Why PPE is Important at Work
April 2nd, 2019
Last updated: April 26th, 2023
Personal Protective Equipment (PPE) is vital to employees in any work situation where health and safety hazards exist, as statistics tell us, and hence, employers have a legal duty to provide it and maintain it where it is applicable.
There are other PPE responsibilities within workplaces, it should be issued free of charge and employees need to be trained in how to use it, and the importance of using it to protect themselves.
Why is PPE Important?
Many of us know why PPE is important in healthcare due to high-profile discussions about protective equipment in recent years. However, not everyone has such a good understanding of why PPE is important in the food industry and other industries, such as construction.
Generally speaking, PPE protects the user from health and safety risks at work and includes items such as gloves, goggles, boots, harnesses and high-visibility clothing.
In terms of health and safety, an employer must carry out risk assessments to help monitor risks and to consider what controls are needed in the workplace. These controls usually come in the form of procedures, safe systems of work and engineering controls to make processes and equipment safe.
However, these don’t necessarily manage all the hazards present and hence, PPE is provided as a further control, often referred to as the ‘last line of defence’ or the ‘last resort’. Certainly, PPE should not be considered as the sole solution to controlling a risk. For instance, you can’t forego duct cleaning and provide staff with masks instead. The procedures and engineering controls should be put in place first.
Depending on the nature of the organisation, PPE can be issued to help control exposure to many different hazards, typically including contaminated air, falling materials, flying particles or corrosive liquids, contact with corrosive materials and for warmth and protection from extreme elements.
PPE Duties of the Employer and Employee
An employer has a duty to make appropriate PPE available and to monitor its use. Everyone in the workspace should understand why PPE is important, and respect the need to wear it.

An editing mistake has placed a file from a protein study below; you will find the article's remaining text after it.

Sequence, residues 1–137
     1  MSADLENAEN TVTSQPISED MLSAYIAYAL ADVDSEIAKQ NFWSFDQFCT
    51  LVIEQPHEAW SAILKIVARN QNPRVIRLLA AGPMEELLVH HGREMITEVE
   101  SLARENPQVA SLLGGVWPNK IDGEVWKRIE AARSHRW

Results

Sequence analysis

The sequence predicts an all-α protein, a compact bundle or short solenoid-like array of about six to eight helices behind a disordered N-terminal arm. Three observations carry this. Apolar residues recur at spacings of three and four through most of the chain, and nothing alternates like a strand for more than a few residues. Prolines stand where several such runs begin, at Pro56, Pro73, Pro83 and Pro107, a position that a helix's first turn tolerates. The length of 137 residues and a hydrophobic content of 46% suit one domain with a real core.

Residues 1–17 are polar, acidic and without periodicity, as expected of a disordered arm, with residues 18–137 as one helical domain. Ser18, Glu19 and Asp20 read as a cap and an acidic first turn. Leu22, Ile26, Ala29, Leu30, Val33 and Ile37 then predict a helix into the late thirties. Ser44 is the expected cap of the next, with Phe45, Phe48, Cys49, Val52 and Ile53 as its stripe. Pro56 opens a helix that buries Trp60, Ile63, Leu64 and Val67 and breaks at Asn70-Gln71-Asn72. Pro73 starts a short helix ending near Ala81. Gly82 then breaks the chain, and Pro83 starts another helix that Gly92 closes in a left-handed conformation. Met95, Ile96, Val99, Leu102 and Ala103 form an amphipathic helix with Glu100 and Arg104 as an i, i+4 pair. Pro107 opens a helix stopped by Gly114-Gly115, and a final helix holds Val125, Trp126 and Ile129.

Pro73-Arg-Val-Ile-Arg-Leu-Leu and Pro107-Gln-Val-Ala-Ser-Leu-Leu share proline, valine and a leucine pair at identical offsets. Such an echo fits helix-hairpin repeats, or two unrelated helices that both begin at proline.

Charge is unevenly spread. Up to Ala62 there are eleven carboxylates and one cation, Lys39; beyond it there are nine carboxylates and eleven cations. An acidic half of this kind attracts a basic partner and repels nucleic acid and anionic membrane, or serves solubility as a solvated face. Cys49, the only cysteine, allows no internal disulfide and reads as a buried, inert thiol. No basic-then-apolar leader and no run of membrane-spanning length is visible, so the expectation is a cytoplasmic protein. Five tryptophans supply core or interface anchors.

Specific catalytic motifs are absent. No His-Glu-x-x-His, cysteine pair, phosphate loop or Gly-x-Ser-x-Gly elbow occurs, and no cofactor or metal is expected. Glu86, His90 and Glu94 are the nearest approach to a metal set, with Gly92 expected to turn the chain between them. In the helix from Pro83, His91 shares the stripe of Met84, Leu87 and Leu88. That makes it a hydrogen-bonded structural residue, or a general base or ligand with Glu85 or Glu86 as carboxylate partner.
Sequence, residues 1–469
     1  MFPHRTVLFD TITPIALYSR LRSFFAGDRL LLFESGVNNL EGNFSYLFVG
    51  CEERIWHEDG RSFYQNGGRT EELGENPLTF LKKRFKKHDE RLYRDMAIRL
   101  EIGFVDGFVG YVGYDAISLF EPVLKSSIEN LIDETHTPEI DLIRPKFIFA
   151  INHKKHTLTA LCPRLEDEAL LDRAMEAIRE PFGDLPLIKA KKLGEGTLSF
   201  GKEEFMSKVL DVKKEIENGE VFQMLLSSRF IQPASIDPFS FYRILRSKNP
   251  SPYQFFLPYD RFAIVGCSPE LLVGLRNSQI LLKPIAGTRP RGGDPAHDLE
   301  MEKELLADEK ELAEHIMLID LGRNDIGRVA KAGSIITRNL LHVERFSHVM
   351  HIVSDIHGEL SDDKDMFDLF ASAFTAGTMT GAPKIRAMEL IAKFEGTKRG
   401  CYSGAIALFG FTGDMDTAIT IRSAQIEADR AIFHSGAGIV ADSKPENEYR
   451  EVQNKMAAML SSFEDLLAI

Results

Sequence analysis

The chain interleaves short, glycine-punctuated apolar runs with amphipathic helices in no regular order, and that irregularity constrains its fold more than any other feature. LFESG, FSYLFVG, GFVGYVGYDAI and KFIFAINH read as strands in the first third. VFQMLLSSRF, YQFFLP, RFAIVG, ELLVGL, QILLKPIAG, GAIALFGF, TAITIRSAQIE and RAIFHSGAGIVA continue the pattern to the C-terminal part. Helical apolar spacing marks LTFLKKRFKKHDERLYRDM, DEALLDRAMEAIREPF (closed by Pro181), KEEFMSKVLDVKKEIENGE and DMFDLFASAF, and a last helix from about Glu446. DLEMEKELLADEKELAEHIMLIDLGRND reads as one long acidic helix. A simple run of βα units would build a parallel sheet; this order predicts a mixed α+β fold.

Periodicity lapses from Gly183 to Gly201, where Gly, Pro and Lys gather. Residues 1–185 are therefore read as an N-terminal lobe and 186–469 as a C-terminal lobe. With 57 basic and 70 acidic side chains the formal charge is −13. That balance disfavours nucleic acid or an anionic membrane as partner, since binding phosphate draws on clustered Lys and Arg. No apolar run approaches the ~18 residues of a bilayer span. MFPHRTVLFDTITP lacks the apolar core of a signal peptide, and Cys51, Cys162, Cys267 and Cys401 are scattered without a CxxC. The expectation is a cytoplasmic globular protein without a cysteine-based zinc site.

The PPE should be suitable and in good condition, it should be issued free of charge and employees need to be trained in how to use it, and the importance of using it.
In addition, it should be noted that employees have their own duty to wear PPE that has been issued to them and to report any defects or problems with the PPE, ie. if it is not suitable for the specific job or if hazards still exist.
The employer should ensure that PPE is maintained and that the user has a safe place to store it. They should also ensure that ample supplies are stocked in order to issue replacement items ASAP. It is recommended that a PPE procedure is put in place to ensure PPE is issued to the right people, signed for and that visitors and contractors coming on site are also monitored, issued with PPE where applicable and subject to the same control systems in place.
Requirements of PPE
PPE needs to be selected depending on the type of exposure, who is exposed, how long they are exposed to the hazard for and how much of the hazard they are exposed to. This should all be considered via a formal risk assessment specific to the individual task or piece of equipment involved. Equally, the PPE needs to be suitable for the user in terms of size, fit and weight and it should be CE marked by the manufacturer. Obelis Group provide a brilliant explanation of CE marking and why it matters.
An employer can refer to legislation to ensure they have covered all aspects of PPE. This is detailed in The Personal Protective Equipment Regulations 2002 and the Personal Protective Equipment at Work Regulations 1992. These outline the main requirements of an employer in issuing PPE, while other more specific regulations cover work with hazardous substances such as lead, asbestos, noise and radiation.
What if an Employer Doesn’t Provide Adequate PPE?
Like the majority of aspects covered by the Health and Safety at Work Act, not providing the right PPE could result in fines and legal action.
Worker’s rights are a priority in the UK, and if an employer does not provide the right PPE, and a worker is injured as a result, the employer could be deemed to be at fault. This could result in legal action, and compensation being issued.
For an employer, there are many aspects of record-keeping, such as ensuring that equipment like a boiler is serviced. When it comes to providing PPE, ensuring that there are records, and proof that the correct training and PPE has been provided can help to show that you are legally compliant if there is any potential legal action.
For more information and guidance on your legal responsibilities of providing a safe and adequate workplace, and PPE equipment, please click here to contact us.